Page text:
Job Placement as a Measure of Quality

Job Placement as a Measure of Quality

In marketing our academic programs, we publish our job placement rate because we feel this is a measure of quality. On one of our program sheets, we share a statistic from that 100% of our graduates for the last three years were employed within six months of graduation. Great stat! The question everyone asks me is: “Is that true?”

This question is always a great opportunity to talk about our pedagogy and the thinking behind our style of education. Although many schools offer internships, co-ops and other forms of experiential learning, Northeastern has placed this form of education at the centre of how we teach and how our students learn. Our instruction is informed and guided by authentic work-based learning at all levels of our curriculum. Faculty members are encouraged to embed real-world experiences in their courses. Our hallmark co-op program brings students to the employer’s environment for four to six months. Our XN Network gives our working professional students the chance to experience a virtual work-based project. Our academic advising model is increasingly being joined with our career-coaching model so our students get solid academic and career guidance at the same time.

All of these efforts bring our graduates closer to the workforce, and as the statistics show, our work is paying off: Over the past decade, Northeastern has been the U.S. leader in post-graduation job placement. Not every one of our programs can claim 100% job placement but compared to many of our counterparts, our graduates outperform!

An executive at a large multi-national marketing firm recently asked me what made our experiential learning different. After all, he noted, many schools are claiming similar work-based learning as part of their value proposition. Here is the difference: Northeastern’s experiential learning is central, not tangential. Co-op and experiential learning is not something we add to our soup; it is the stock in which the soup is made.

For the past decade, I have served as dean at two schools in two countries on two coasts. I can count on one hand the number of adult students who were in our degree programs for personal enrichment. The vast majority of students in these programs were pursing a new credential for a better life. A better life meant the ability to pursue a career that was both personally fulfilling and financially satisfying. They have ambitions to build their careers and have pride in their work and they have a need to provide for their families.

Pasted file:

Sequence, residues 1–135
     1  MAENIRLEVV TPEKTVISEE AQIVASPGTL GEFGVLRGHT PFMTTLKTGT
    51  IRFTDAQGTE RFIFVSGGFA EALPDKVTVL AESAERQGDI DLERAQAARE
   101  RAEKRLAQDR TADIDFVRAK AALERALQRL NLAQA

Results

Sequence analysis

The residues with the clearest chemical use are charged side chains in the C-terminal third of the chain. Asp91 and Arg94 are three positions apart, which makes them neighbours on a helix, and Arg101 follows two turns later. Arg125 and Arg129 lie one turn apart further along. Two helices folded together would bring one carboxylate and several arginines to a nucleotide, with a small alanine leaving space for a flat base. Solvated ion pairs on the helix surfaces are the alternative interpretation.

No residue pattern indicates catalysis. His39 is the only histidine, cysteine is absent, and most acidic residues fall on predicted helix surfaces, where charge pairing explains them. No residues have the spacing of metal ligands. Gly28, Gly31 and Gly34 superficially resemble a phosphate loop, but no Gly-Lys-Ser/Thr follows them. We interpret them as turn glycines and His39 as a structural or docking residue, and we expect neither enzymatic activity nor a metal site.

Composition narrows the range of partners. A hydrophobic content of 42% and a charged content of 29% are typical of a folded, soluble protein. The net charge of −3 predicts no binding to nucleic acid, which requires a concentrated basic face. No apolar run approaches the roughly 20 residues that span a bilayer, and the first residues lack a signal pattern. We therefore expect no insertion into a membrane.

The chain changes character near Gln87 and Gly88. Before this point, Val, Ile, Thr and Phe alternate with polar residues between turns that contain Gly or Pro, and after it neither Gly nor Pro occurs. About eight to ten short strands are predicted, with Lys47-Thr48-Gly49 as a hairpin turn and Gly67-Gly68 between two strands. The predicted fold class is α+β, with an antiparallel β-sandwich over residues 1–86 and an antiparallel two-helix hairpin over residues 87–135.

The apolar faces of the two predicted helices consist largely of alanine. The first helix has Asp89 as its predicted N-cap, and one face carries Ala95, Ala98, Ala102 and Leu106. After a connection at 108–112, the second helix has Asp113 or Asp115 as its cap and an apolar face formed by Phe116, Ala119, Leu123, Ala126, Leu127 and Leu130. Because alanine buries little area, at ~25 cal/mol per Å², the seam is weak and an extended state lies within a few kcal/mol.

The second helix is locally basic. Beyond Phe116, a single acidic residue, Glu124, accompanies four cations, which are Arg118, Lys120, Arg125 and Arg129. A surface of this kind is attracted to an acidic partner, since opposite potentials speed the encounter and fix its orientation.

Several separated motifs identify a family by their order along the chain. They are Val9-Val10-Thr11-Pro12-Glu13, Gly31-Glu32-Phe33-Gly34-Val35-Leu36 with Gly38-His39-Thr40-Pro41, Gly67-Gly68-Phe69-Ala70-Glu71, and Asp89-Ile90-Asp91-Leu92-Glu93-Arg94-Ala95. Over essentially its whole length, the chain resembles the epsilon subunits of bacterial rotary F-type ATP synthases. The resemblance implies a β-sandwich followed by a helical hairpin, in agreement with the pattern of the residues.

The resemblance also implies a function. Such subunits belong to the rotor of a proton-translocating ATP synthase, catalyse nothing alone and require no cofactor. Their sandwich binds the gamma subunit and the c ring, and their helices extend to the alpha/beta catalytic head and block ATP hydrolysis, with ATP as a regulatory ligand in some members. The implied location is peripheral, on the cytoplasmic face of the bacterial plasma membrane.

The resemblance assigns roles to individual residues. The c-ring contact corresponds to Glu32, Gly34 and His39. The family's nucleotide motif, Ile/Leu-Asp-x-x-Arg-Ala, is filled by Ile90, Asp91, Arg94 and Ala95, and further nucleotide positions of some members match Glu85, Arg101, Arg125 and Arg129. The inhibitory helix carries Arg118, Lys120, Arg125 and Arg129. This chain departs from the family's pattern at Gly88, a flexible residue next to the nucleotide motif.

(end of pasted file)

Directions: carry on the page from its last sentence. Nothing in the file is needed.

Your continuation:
Northeastern’s form of experiential learning has found a way to merge the academic rigour of an internationally ranked research university with the practical skills necessary to have our students find new and satisfying employment. Our growth and our job placement statistics support this claim.

Canadians can be rightfully proud of their higher educational system. Given its size, the Canadian research university system punches above its weight in international rankings. Yet employability is a big issue, especially for recent graduates. Employers in Canada would like university graduates to be better able to enter the workforce without the need for substantial retraining. Even the current Premier of Ontario makes the point that the Ontario advanced educational system needs to bring universities and employers closer together.

I wholeheartedly agree! As we grow and develop our academic programs at the Northeastern University-Toronto campus, we will strive to provide an education to our students so the employers of Ontario can focus on growing their businesses.

John G. LaBrie, Ed.D.

John serves as the Founding Principal of the Northeastern University – Toronto

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